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Choosing the best instant cold pack is usually a matter of knowing your options and having a defined sense of why you want the product in the first place. The sort of pack you’ll want to treat an injury that has just happened is often a different consideration than the sort of pack to put in a first-aid kit or to travel with in case of future need, for instance. Sometimes a homemade compress may be best, while in other situations a commercial product — perhaps even one with characters or fanciful colors if intended for a child — may be superior. A lot depends on the circumstances. In general, the most common commercial options can be divided into two categories: those that are designed to be stored at room temperature and then activated to make them cold, and those that must be kept in the freezer or refrigerator. There are advantages and disadvantages to each, and choosing the best one for you often requires a bit of research and planning.
For sprains, strains, and minor bruising, the recommended first aid is usually rest, ice, compression, and elevation — often remembered by the acronym "RICE." Instant packs are a great stand-in for conventional ice bags when these sorts of injuries happen. They're portable, convenient and clean, and in most cases won’t even leave condensation behind them. Athletes often like to have cold packs readily available in case of injury, and most parents keep them on hand, too, to ease the bumps and scrapes that are so often a part of growing up.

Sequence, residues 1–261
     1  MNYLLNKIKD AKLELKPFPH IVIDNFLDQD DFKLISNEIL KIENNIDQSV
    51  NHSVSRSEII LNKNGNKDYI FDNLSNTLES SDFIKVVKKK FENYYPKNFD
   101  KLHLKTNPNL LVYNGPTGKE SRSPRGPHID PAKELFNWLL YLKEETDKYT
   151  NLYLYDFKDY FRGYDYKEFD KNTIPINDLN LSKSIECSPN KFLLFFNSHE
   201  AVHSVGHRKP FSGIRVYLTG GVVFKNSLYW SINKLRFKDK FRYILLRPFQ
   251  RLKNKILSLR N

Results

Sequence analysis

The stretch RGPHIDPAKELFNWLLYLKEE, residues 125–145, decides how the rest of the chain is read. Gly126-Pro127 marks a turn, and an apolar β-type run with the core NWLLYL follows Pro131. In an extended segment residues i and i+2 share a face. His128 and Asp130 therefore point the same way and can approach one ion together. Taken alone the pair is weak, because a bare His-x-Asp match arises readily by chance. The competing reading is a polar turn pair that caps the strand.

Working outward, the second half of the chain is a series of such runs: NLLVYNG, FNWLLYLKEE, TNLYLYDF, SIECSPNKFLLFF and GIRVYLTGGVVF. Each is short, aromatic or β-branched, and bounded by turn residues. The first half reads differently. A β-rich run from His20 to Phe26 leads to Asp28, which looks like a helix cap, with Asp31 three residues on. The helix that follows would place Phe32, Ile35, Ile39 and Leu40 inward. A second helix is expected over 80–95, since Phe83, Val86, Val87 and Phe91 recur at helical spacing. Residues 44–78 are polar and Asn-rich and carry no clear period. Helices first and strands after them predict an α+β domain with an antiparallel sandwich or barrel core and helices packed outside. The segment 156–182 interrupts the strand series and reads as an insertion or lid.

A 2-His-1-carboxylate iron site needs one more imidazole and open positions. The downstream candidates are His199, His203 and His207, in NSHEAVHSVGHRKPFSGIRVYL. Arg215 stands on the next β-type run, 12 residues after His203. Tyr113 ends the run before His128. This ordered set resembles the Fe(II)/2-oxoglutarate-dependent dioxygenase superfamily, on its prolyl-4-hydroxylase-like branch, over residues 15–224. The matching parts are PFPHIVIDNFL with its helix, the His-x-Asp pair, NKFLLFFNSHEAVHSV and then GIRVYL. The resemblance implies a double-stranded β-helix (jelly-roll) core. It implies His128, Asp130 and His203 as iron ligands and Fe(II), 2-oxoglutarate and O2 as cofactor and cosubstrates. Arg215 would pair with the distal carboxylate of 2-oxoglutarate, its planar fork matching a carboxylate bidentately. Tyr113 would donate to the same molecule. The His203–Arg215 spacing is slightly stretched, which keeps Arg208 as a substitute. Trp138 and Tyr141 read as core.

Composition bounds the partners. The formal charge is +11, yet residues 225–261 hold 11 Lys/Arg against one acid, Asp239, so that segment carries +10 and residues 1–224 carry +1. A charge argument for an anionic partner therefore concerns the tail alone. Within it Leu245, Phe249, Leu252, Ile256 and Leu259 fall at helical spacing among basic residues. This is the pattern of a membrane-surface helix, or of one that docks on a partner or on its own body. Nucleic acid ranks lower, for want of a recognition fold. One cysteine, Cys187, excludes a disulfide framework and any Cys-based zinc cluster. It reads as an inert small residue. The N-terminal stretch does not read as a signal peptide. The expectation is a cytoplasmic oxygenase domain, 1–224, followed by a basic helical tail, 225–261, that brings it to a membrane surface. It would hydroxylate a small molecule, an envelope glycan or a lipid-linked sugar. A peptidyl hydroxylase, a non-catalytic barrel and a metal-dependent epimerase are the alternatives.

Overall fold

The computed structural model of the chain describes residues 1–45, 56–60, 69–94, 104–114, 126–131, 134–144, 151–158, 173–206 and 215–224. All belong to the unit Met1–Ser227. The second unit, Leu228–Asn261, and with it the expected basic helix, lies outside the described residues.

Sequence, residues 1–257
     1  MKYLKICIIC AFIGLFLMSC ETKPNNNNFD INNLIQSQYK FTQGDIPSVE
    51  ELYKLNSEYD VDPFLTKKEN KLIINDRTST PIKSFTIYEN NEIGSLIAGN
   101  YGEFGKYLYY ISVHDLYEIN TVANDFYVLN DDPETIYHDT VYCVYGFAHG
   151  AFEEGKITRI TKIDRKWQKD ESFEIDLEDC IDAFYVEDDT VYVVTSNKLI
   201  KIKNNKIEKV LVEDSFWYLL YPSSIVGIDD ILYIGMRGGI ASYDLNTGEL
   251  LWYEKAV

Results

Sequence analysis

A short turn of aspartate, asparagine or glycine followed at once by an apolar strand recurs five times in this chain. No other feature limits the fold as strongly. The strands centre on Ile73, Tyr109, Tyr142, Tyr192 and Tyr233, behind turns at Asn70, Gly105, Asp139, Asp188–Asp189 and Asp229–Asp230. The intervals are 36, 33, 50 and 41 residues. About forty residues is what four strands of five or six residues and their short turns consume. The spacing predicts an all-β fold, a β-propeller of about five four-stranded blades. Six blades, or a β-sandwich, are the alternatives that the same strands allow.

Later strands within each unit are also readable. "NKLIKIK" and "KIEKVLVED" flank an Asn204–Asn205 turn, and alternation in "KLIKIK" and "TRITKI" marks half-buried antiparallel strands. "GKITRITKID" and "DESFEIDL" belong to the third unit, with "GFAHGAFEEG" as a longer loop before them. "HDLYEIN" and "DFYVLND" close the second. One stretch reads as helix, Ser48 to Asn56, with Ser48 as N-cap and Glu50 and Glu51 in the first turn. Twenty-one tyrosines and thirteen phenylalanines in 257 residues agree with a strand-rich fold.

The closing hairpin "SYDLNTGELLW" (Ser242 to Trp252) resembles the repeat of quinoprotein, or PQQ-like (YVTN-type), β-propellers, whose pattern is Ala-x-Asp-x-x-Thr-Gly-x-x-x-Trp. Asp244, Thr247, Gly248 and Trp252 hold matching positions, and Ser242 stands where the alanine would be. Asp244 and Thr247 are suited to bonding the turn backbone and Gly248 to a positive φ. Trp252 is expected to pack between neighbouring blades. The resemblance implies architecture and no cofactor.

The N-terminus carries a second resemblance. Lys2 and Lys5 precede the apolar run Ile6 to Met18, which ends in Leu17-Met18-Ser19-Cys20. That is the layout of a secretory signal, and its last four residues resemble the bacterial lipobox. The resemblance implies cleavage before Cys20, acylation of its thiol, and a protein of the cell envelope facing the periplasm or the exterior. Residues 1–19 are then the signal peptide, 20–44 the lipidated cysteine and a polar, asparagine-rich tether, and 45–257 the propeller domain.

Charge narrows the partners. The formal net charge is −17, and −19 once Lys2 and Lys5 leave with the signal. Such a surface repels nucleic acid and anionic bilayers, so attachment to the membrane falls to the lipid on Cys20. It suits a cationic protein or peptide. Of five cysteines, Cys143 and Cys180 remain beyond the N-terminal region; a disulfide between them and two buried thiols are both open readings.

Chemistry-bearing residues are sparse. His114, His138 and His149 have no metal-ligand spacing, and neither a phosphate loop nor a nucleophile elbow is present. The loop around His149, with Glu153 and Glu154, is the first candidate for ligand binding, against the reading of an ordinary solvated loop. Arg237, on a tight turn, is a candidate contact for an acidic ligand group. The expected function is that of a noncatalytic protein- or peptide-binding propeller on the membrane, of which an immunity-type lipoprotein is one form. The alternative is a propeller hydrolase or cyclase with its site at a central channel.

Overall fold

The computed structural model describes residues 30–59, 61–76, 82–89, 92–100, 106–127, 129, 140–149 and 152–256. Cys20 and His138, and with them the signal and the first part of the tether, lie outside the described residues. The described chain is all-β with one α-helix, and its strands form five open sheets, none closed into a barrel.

Deciding how you want to use your pack and why you want it in the first place are usually the most important questions when it comes to framing your search. The central question underlying both is where you intend to keep the pack.
Gel packs that stay in the freezer until needed are often the most effective when it comes to delivering consistent, long-lasting cold, and they’re also reusable, which can make them more economical in the long run. They have to be on hand when needed, though; these don’t pack well for use away from home. Chemically-activated pouches and sachets are usually best in these circumstances. There are often more choices amongst these products, and options usually also come in many different shapes and sizes. Their lifespan is often more limited, they are hardly ever reusable, they don’t usually stay cold for very long once activated. Weighing your individual pros and cons can help make the choice easier.
A chemically activated instant cold pack fits easily into a gym bag or first aid kit, which makes it much more portable than a gel pack that must be kept in a freezer. For quick treatment of injuries that occur where no freezers are nearby, such as many places where outdoor activities are held, chemical pouches are likely to be your best choice. Inside this type of cold pack's tough plastic outer envelope are two pouches containing either ammonium nitrate or ammonium chloride and water. You squeeze the pack to break the inner pouches and shake to mix them together. This produces a chemical reaction that causes the pack to become cold. Th